Conjunctivitis is an inflammation of the conjunctiva. This is the tissues around the eye. This will get very red and inflamed can cause an infection. This can be caused by an ingrown eyelash, allergies, and viral or bacterial infection.

Saline wash can sometimes solve the problem, but many times your dog will need to be on medicated eye drops. When putting eye drops in your dog, make sure to wash your hands. Pink eye is very contagious from one animal to the next and even to people.

Glaucoma

Glaucoma is when the pressure in your dog’s eye has increased. This is due to an increase in fluid production in the eye or a decrease in fluid drainage from the eye. Your dog will have a swollen globe and can be very painful.  

Many times, your vet can take the pressure off your dog’s eye and get your dog started on daily eye drops to help decrease the pressures. There are very few cases where glaucoma cannot be controlled with an eye drop, and other options will need to be considered to help with the pain. If you delay treatment of your dog’s glaucoma, they could become blind.

Cataracts

Cataractsin dogs are just like in people. This is when the lenses of the eye start to become cloudy. When you look into your dog’s eye, you will notice a white milky like appearance, and this is a cataract.

The cloudiness of the lenses will prevent light from reaching your dog’s eye. This causes them to have very limited vision and can eventually cause them to go blind. The only way to correct cataracts is with surgery.  

This is done by a veterinary ophthalmologist. This can be a very expensive procedure. Cataracts are usually due to old age or genetics but can be due to diabetes in some dogs.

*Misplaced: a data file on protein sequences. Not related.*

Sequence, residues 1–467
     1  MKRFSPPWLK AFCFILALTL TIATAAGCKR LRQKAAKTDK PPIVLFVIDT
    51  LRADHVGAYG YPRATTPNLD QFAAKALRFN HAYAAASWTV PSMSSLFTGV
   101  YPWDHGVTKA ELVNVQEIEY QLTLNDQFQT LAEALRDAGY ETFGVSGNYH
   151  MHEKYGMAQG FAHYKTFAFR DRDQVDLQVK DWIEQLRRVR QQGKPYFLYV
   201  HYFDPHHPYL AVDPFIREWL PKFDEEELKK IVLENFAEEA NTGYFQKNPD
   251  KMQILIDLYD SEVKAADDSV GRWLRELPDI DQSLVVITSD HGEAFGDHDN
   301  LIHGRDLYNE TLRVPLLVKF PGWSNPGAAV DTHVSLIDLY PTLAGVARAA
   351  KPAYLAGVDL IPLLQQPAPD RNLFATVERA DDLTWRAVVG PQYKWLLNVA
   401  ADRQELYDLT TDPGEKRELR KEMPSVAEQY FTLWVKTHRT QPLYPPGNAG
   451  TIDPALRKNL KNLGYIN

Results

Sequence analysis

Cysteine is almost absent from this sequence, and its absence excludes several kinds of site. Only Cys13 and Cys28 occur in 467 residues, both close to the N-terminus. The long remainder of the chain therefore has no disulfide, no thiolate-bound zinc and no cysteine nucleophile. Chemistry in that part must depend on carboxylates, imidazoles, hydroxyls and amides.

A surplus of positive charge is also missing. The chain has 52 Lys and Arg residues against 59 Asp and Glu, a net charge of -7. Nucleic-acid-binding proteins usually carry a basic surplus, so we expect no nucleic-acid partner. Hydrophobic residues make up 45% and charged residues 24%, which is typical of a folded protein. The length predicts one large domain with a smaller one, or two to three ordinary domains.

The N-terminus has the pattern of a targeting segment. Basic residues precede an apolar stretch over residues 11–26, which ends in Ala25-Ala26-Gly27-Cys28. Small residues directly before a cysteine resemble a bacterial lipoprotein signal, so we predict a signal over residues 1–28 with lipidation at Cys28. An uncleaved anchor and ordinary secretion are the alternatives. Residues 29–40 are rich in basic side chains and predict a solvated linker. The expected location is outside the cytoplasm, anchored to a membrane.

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Corneal Ulcer

This is probably the most common eye problem seen in dogs. A corneal ulcer is when something has damaged the surface of your dog’s eye and causes an ulcer. These ulcers can get so big that they cause the eye to rupture.

Your veterinarian can stain your dog’s eye with a special stain to see the ulcer. If your dog does have an ulcer, they will need eye antibiotics and other eye medications to help this ulcer heal. Your dog may also need pain medication as a corneal ulcer is very painful.


Keeping Your Dogs Eyes Healthy

While these are the most common eye disease, there are many other things that can cause your dog’s eye to look abnormal. If you notice anything wrong with your dog’s eye, it is best to take them to your vet right away.

They can examine the eye and get them started on eye drops or oral medication to help make the eye feel much better. Eyes are a very special organ that needs care and attention to keep happy.

While most dogs can do just fine without their vision, keeping their eyes healthy will allow them to be able to see for years.


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Dr. Sara Ochoa DVM

Since she was a little girl, she knew that her dream was to become a veterinarian. With a tremendous passion and love for animals that makes her a great source of knowledge for others. She lives happily with her husband Greg and her babies Ruby the Schnoodle, and Bam-Bam the bunny.